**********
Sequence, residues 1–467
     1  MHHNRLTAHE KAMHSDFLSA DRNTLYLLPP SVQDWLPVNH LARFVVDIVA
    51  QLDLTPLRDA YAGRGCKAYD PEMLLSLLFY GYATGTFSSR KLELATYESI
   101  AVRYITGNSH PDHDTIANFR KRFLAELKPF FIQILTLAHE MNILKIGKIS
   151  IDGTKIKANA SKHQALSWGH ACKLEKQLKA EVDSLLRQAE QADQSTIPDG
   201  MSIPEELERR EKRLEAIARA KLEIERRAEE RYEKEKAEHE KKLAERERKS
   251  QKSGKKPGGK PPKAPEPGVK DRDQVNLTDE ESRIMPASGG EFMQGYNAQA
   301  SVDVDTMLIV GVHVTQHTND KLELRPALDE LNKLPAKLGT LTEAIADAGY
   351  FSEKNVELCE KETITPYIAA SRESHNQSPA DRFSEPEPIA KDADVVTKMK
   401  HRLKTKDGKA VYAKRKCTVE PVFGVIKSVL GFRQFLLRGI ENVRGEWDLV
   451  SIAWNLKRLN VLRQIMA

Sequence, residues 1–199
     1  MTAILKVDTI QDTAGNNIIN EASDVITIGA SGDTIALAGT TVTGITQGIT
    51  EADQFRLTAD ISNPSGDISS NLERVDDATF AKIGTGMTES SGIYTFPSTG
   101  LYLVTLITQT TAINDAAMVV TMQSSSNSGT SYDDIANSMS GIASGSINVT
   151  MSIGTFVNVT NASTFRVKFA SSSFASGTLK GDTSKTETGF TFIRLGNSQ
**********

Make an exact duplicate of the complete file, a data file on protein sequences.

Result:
Sequence, residues 1–467
     1  MHHNRLTAHE KAMHSDFLSA DRNTLYLLPP SVQDWLPVNH LARFVVDIVA
    51  QLDLTPLRDA YAGRGCKAYD PEMLLSLLFY GYATGTFSSR KLELATYESI
   101  AVRYITGNSH PDHDTIANFR KRFLAELKPF FIQILTLAHE MNILKIGKIS
   151  IDGTKIKANA SKHQALSWGH ACKLEKQLKA EVDSLLRQAE QADQSTIPDG
   201  MSIPEELERR EKRLEAIARA KLEIERRAEE RYEKEKAEHE KKLAERERKS
   251  QKSGKKPGGK PPKAPEPGVK DRDQVNLTDE ESRIMPASGG EFMQGYNAQA
   301  SVDVDTMLIV GVHVTQHTND KLELRPALDE LNKLPAKLGT LTEAIADAGY
   351  FSEKNVELCE KETITPYIAA SRESHNQSPA DRFSEPEPIA KDADVVTKMK
   401  HRLKTKDGKA VYAKRKCTVE PVFGVIKSVL GFRQFLLRGI ENVRGEWDLV
   451  SIAWNLKRLN VLRQIMA

Sequence, residues 1–199
     1  MTAILKVDTI QDTAGNNIIN EASDVITIGA SGDTIALAGT TVTGITQGIT
    51  EADQFRLTAD ISNPSGDISS NLERVDDATF AKIGTGMTES SGIYTFPSTG
   101  LYLVTLITQT TAINDAAMVV TMQSSSNSGT SYDDIANSMS GIASGSINVT
   151  MSIGTFVNVT NASTFRVKFA SSSFASGTLK GDTSKTETGF TFIRLGNSQ